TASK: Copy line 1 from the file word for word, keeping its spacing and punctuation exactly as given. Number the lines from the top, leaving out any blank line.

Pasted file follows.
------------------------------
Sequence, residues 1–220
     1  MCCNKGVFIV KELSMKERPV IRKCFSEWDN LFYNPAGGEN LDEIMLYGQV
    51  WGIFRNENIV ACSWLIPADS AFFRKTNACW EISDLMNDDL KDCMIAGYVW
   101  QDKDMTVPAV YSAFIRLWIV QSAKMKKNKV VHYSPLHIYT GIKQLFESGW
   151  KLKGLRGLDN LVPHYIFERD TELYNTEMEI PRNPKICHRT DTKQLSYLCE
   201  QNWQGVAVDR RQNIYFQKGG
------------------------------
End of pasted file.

Sequence, residues 1–220